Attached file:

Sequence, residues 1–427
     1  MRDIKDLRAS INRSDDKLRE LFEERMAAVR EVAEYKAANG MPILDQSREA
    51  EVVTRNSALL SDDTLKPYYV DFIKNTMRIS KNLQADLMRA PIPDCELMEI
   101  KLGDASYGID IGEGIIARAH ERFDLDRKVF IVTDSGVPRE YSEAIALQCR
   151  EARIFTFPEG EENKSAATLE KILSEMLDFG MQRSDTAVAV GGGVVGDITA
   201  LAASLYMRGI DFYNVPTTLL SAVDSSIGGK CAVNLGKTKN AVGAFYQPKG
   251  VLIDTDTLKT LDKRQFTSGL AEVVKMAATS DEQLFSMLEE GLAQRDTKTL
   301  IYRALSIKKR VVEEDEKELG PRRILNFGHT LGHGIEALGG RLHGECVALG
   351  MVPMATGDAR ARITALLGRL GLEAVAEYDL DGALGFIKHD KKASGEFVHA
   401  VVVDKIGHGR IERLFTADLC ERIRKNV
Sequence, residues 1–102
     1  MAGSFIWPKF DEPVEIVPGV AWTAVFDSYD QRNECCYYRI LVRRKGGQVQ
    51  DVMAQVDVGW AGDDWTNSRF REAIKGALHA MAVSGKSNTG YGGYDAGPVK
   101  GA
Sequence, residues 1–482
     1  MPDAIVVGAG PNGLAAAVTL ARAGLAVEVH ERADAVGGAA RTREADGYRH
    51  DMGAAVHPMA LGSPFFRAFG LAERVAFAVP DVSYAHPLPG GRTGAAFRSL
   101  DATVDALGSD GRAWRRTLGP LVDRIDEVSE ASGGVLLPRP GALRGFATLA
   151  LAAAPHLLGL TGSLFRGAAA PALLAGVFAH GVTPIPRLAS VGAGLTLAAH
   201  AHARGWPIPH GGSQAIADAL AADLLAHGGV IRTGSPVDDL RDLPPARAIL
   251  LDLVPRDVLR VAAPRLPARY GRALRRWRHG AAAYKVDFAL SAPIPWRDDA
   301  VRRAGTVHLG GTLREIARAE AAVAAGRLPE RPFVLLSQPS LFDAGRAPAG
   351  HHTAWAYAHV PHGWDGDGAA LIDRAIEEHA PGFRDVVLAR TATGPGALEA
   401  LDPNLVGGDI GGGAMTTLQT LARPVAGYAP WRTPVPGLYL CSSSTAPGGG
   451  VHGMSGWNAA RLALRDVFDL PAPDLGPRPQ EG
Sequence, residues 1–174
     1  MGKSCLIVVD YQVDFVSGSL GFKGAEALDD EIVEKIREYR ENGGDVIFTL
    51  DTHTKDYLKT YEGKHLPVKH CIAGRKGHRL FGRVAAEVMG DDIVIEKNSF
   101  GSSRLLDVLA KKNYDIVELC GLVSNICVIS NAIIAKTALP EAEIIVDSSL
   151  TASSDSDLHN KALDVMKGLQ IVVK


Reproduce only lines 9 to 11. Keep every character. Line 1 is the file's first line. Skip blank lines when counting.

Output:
   351  MVPMATGDAR ARITALLGRL GLEAVAEYDL DGALGFIKHD KKASGEFVHA
   401  VVVDKIGHGR IERLFTADLC ERIRKNV
Sequence, residues 1–102